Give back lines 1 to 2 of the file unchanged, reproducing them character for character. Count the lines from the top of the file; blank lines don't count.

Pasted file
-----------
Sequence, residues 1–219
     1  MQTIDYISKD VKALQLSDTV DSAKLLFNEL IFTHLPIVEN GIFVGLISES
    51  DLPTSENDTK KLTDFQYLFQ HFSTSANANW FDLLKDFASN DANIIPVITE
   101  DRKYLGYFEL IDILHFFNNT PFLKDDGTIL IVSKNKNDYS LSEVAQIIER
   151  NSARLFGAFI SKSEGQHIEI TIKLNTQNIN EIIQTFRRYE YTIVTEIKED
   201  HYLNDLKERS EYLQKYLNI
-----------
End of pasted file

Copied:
Sequence, residues 1–219
     1  MQTIDYISKD VKALQLSDTV DSAKLLFNEL IFTHLPIVEN GIFVGLISES